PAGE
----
[A case report of central respiratory failure due to hemimedullary syndrome].Rinsho Shinkeigaku. 2000 Jul; 40(7):746-9.RS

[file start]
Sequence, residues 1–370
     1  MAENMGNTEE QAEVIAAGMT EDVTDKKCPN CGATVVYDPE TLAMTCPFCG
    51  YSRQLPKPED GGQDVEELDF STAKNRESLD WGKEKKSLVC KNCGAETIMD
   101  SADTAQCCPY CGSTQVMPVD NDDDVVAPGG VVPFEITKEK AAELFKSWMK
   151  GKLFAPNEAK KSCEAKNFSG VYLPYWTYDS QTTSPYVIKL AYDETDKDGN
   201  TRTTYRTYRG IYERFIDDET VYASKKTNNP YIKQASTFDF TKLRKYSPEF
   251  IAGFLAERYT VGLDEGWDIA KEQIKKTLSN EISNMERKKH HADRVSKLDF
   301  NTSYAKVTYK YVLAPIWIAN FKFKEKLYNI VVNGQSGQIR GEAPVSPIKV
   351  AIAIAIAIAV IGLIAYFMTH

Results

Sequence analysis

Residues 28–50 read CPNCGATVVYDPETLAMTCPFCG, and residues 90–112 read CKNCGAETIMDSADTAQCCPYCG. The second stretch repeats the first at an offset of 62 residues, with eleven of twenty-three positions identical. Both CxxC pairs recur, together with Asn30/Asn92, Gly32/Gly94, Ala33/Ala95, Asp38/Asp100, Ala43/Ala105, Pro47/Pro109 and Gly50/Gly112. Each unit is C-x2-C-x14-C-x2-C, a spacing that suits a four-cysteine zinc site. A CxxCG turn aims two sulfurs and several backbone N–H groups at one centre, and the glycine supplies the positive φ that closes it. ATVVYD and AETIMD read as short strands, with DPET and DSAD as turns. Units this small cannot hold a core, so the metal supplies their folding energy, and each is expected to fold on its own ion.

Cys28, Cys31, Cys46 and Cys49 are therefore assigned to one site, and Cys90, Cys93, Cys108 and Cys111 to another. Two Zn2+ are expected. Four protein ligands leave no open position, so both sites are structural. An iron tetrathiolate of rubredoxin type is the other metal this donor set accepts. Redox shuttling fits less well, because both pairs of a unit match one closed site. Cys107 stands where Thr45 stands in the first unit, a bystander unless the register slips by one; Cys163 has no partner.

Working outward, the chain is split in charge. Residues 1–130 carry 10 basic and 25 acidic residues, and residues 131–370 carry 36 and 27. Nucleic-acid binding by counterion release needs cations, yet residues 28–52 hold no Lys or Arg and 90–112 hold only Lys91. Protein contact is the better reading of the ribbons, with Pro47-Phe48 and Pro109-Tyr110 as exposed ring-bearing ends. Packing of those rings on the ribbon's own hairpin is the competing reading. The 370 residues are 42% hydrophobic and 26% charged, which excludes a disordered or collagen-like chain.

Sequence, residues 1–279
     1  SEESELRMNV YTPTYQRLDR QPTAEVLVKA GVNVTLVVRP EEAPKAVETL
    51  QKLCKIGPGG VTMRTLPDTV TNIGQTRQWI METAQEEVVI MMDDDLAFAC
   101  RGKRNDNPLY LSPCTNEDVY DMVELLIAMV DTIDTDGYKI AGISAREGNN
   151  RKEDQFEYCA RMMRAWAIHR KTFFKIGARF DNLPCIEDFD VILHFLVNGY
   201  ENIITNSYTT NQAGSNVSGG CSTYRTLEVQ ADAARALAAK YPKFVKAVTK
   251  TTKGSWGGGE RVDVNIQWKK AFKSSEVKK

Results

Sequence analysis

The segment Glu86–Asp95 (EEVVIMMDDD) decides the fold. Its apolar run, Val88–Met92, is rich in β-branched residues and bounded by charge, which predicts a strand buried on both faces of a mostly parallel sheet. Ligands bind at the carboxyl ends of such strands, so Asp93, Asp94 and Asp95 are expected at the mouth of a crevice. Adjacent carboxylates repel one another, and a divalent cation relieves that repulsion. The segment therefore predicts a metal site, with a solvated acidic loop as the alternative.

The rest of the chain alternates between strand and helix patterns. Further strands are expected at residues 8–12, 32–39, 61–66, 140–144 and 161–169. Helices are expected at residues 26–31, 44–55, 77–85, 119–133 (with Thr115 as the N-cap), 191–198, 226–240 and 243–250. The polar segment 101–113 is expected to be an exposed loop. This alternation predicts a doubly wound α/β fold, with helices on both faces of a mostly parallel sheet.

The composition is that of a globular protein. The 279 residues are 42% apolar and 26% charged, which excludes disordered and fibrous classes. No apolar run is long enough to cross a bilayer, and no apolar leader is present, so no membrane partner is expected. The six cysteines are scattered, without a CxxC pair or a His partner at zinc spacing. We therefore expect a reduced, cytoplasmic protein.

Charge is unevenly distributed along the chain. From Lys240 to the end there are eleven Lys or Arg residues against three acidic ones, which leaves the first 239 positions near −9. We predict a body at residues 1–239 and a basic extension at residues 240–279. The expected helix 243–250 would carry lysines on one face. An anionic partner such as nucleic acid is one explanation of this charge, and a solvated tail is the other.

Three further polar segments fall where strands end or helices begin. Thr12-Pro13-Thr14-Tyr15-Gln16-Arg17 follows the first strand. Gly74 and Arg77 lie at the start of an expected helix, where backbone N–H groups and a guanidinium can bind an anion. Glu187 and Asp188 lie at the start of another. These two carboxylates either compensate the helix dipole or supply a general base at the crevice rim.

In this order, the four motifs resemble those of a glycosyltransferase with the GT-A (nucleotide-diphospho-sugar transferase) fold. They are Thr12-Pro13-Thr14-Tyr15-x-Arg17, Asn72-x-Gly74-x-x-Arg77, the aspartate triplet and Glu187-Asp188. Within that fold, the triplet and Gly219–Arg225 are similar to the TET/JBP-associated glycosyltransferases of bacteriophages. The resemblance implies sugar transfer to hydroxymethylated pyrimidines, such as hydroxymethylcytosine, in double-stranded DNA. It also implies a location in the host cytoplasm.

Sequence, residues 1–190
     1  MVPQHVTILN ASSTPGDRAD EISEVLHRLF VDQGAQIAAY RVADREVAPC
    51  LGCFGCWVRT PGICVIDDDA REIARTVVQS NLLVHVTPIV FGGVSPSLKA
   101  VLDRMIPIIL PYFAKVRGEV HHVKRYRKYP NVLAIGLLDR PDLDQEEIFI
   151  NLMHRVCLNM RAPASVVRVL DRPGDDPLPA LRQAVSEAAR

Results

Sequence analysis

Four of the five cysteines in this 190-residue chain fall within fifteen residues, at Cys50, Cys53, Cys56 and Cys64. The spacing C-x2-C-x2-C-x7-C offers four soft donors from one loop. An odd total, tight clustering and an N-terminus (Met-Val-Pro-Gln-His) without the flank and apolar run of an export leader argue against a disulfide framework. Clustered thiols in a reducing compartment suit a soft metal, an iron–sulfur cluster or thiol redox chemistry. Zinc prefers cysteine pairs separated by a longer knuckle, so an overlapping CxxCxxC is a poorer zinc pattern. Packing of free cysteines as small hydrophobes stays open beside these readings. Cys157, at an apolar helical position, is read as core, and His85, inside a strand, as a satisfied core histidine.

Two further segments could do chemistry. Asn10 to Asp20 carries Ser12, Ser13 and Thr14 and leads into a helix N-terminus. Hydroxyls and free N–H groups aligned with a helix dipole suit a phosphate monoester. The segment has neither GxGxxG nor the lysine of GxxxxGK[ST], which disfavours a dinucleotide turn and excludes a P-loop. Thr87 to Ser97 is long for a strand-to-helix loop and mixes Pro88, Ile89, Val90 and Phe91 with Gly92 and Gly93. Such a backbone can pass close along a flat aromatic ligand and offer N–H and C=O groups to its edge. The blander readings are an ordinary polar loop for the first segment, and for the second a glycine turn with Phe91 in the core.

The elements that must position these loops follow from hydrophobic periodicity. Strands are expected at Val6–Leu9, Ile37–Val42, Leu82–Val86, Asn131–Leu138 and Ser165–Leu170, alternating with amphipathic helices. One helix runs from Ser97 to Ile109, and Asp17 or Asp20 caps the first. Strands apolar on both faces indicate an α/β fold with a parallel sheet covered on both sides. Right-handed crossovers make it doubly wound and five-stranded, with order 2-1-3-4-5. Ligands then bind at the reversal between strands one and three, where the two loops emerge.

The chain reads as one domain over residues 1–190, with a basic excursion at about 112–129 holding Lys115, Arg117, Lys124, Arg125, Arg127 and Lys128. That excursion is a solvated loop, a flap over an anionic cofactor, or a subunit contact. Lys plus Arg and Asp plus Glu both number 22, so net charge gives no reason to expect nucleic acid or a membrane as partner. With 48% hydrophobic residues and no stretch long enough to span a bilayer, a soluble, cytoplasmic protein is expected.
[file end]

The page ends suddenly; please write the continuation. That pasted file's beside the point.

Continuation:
A hemimedullary infarction, in which both medial and lateral medullary infarctions occur simultaneously, is a rare cerebrovascular disease. Pontomedullary lesions often cause central respiratory failure, and the majority of central respiratory failures are due to bilateral pontomedullary lesions. We report a 66-year-old man with central respiratory failure due to a hemimedullary infarction detected by magnetic resonance imaging. He was admitted to our hospital on March 7, 1998, because of a sudden onset of dysarthria, and both numbness and weakness on his left side. Soon after arriving at the hospital, his spontaneous respiration ceased. Therefore, he was intubated and artificial ventilation was started. Pertinent neurological abnormalities on admission consisted of dysarthria, dysphagia, right Horner's sign, right gaze evoked horizontal nystagmus, right soft palate palsy, and tongue deviation to the right. In addition, left hemiparesis, left Babinski's sign, sensory impairment on the left side including the face, and central respiratory failure were noted. Although voluntary respiration recovered in 12 days, sleep apnea continued for 5 months, which was considered to be due to the automatic respiratory failure. An important feature of this patient was that the hemimedullary infarction caused the central respiratory failure. To our knowledge, this is the third patient whose central respiratory failure occurred because of a hemimedullary infarction.